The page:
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The benefits of Cloud Computing in relation to Climate change…

The title is a little ‘tongue in cheek’ but the message is still true: Yesterday we got hit by a massive storm and due to this we have not had any power in our house since 5pm yesterday afternoon (it is now 12pm). So almost 20 hours and counting… When I just spoke to our security lady she mentioned that the ‘blackout’ could take up to 48 hours!!

Branches ripped off trees by the storm

Branches ripped off trees by the storm

After my initial shock – and some quick calculations of the value of the content in our freezers that is now slowly defrosting, I started thinking about the effects this has on our service delivery:

  1. My husband’s laptop and Internet connection runs of the main power and can’t be used at the moment
  2. My laptop has internal mobile internet access so in theory should be able to work for at least 4 hours or so on the battery.
  3. Our exchange server and file server in the office shut down during the storm as well so nobody in the office could get to their emails and server directories.

Not a good scenario really – and with the current climate change the experts are forecasting more of these storms to hit in the coming summer season… they are even speculating of a possible hurricane / cyclone to hit South East Queensland!

What can we do to improve our Service delivery capability:

  • Purchase backup generators to ensure ongoing power during these blackouts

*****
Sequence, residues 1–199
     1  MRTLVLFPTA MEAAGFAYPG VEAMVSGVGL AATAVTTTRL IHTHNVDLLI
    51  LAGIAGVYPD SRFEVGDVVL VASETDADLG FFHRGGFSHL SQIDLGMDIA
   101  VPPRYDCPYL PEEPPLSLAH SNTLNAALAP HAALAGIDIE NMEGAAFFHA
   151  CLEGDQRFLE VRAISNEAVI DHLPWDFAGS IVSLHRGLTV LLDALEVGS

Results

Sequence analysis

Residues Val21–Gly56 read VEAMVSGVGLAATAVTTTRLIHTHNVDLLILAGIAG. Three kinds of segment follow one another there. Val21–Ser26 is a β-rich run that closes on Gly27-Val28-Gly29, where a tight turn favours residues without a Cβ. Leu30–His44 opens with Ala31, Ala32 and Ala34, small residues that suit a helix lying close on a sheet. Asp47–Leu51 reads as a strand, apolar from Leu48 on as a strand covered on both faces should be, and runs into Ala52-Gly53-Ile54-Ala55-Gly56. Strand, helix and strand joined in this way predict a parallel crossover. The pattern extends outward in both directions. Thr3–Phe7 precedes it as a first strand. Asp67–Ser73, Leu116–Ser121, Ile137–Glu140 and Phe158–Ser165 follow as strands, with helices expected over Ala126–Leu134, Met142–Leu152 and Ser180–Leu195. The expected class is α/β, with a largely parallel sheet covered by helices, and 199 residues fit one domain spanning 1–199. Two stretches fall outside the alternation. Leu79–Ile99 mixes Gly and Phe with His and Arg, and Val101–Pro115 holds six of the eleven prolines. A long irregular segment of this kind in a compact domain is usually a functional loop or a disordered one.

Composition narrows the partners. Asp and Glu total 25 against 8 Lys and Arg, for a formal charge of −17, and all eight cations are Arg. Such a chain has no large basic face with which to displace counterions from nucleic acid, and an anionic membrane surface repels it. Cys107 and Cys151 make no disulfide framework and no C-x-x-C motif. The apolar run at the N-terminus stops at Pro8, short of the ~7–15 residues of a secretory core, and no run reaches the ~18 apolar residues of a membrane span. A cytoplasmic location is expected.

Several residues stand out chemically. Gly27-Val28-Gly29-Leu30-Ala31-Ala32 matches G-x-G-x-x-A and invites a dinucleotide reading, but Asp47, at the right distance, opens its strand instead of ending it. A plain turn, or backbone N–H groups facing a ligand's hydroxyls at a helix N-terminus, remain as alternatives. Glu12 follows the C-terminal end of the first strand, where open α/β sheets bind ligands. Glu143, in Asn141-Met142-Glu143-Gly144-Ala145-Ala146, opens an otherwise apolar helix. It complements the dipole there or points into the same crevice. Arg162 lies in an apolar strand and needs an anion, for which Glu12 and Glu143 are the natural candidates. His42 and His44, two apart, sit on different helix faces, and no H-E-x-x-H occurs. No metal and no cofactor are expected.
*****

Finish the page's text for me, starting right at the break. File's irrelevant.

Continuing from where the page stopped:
• Purchase backup batteries to go into the laptops as a fail over system
  • Purchase another mobile Internet connection for the other laptop

And then it hit me:

OR… we can use as our solution! With you don’t need to worry about your laptop or desktop… you can go to any Internet cafe that still has power and access all your data from there! All your emails are stored offsite so your exchange server is not affected by this power outage at all because it is in a different area! 

OK, OK – you still need power to run a computer or laptop but you are not restricted by location. When the power is out in one location, you simply move to another one where this is power. It’s very simple really…

If only there was an easy solution to my defrosting meat issue… Barbecue anyone?!

PS: when we follow ITIL Service Continuity Management processes we should have thought of all of this beforehand, I know that… but let’s say we decided NOT to put any countermeasures in place for a ‘once in 2 decade’ chance.